Tuesday, December 18, 2012

The Mixed Blessing of Nursing

Today I find myself thinking of Nurse Phyllis - one of our best and worst nurses ever, who passed away last December. 

In the months before Acorn was decannulated, we all knew she was sick - the hacking cough was unmistakeably Bad News. Clearly not a respiratory illness, even someone without a medical background could tell there was something wrong...and Phyllis had been a nurse for a long time. Acorn was decannulated in August, and we heard in September or October that she was not doing well - the lung cancer we all suspected had metastasized, and was in her brain. About the time we moved Leaf to the other hospital (which happened late at night on the 23rd of December), we heard that Phyllis was gone. She passed peacefully in her sleep, surrounded by family, which was probably about the best anyone in her position could have hoped for.

Off and on I referred to Phyllis as Nurse Crankypants - and she was. Her personality was best described as abrasive. She was overly strict about everything, from how things were cleaned to where people left things and how people fed Acorn. She was extremely upset that we let Acorn play on the floor in the therapy waiting room because who knew what kinds of germs he'd get there? She made no bones about who she liked and who she didn't - you could depend on her to provide an unsolicited assessment of every doctor and therapist we saw.

And yet, for all that....Phyllis was an excellent nurse. An LPN who had first worked in the NICU, she knew complicated kids like no one's business. She knew death too - one of her own children had died in a car accident in his early teens - and she was adamant that it was not happening to anyone on her watch. Her assessment skills were top notch. And I know that I said more than once that if something was to go pear shaped, she was the nurse I hoped was on duty, because even more than Acorn's primary (who, I might add, is also Leaf's primary), Phyllis was the one person I trusted beyond anyone else to handle an emergency, without any questions, and without any missteps.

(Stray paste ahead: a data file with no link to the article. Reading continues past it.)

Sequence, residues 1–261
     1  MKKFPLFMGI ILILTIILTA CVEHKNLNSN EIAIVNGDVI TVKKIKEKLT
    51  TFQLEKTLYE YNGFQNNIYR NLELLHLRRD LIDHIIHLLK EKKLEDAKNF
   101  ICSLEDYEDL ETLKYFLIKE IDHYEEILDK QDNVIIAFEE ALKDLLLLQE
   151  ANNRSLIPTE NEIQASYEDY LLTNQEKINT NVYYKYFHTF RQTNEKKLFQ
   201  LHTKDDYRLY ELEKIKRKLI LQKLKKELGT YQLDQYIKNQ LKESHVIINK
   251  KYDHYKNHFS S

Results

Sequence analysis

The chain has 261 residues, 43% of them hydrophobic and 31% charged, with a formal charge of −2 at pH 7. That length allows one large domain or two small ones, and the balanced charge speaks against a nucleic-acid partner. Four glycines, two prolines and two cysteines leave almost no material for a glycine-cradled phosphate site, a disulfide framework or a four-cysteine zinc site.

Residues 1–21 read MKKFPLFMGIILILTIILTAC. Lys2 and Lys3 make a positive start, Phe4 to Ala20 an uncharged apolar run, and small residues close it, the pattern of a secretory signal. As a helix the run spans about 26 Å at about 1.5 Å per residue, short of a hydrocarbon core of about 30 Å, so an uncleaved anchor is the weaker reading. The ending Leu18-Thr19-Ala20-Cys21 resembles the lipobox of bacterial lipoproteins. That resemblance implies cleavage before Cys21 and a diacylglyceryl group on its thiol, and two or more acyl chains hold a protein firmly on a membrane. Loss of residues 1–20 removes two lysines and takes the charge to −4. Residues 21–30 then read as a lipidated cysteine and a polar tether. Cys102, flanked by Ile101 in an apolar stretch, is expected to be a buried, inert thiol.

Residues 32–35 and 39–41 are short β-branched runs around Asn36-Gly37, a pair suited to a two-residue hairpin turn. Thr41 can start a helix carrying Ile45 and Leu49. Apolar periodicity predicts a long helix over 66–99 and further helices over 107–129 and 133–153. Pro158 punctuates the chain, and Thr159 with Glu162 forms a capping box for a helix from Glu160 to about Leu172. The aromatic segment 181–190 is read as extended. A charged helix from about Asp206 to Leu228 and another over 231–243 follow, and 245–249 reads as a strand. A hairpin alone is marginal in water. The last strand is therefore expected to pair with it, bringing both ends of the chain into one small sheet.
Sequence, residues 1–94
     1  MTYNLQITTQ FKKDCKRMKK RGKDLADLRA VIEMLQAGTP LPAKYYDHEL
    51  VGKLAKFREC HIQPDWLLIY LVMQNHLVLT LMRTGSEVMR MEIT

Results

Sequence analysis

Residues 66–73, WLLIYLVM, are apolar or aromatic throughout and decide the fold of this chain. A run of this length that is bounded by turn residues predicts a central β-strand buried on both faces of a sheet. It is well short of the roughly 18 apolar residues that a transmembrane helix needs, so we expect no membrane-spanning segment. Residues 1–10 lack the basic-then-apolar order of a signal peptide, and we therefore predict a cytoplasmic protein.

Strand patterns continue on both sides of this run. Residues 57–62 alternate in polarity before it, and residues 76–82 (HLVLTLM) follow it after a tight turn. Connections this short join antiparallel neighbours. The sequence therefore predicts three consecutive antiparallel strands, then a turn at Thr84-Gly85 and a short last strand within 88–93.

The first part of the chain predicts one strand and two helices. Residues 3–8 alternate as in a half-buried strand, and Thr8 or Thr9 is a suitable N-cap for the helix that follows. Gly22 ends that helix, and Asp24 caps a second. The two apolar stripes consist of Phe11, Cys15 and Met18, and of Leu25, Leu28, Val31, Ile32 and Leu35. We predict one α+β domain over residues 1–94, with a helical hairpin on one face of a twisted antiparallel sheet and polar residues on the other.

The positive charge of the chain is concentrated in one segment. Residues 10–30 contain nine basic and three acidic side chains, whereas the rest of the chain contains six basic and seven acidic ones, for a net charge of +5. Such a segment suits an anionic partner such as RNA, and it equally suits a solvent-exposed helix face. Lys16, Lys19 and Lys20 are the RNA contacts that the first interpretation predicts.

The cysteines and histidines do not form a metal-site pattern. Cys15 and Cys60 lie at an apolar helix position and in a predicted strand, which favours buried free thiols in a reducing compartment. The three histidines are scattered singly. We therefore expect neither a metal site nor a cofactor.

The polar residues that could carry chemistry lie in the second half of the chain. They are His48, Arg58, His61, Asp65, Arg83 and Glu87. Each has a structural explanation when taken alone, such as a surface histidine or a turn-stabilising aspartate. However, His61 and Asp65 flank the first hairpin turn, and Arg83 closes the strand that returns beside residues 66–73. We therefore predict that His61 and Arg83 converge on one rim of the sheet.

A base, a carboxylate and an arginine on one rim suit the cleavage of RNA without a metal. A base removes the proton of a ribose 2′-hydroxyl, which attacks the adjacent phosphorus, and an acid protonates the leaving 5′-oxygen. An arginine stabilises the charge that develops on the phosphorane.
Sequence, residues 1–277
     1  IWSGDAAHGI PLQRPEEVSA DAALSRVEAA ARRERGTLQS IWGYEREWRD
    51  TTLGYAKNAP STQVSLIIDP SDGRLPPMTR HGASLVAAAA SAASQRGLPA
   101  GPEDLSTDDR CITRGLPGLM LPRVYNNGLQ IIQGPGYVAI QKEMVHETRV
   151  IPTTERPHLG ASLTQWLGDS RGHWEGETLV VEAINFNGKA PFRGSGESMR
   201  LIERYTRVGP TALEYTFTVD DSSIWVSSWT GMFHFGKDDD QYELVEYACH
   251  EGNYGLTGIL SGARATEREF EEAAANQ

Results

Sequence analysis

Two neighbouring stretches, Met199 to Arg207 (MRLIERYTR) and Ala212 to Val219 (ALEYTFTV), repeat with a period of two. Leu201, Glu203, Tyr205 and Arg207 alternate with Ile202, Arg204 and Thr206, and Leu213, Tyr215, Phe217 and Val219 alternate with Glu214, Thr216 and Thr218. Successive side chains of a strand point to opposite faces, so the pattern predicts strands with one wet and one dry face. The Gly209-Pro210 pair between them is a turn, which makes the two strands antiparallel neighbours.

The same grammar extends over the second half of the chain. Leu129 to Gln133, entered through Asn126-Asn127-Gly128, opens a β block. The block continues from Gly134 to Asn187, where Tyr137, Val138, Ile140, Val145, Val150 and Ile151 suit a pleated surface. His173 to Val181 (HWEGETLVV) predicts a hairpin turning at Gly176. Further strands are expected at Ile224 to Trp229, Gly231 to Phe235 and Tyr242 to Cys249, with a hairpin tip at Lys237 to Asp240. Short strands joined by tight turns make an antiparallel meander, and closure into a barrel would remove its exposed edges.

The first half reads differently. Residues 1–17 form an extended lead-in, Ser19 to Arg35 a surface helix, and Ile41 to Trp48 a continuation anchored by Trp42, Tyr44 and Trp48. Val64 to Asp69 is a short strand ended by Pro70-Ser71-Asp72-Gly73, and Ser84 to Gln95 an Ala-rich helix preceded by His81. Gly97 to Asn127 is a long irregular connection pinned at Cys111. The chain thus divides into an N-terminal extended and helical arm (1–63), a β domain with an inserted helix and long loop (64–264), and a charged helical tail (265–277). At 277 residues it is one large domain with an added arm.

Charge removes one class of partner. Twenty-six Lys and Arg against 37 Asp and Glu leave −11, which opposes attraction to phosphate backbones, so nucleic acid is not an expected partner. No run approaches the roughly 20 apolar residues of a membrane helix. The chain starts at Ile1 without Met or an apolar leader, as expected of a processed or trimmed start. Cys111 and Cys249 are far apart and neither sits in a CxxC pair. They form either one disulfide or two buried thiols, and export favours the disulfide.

Beyond that, Acorn loved her. It was not an easy relationship in the beginning, but she was tough in a way that he really responded to.  When she first started here, many of our other nurses were sure that we'd hate her, that she'd be too hard on Acorn, that she wouldn't get him...but more than many others, she saw what he was capable of, not just what he let on.

What made me think of her today was Acorn's appointment with his PMR doctor (which was supposed to be yesterday, but the doctor cancelled, and then should have been today, but Acorn is sick, so now it's the day after Christmas). Our PMR appointments are usually on Mondays, and Monday was one of Phyllis' regular days, so she ended up going to almost all of them with us. She gushed in the car on the way home after that first appointment about how this particular doctor handled Acorn...and she didn't gush about anyone or anything. I was pretty pleased with this doctor as well, but it was nice to have her backing me up on that front - it meant it wasn't just my feeling of, "finally, someone who sees the problems I see and wants to do something about them," but that this doctor really is a special kind of guy.

I don't know how Phyllis and Leaf would have gotten along - Leaf is sensitive in ways Acorn never was, and probably never will be. Still, I think they would have figured something out.

I never thought I'd say this when we first met her, but Phyllis, you're greatly missed.

1 comment:

  1. That was really neat to read. It's very special when you can find a nurse you really connect with and who connects with your child. Thanks for sharing Nurse Phyllis with us.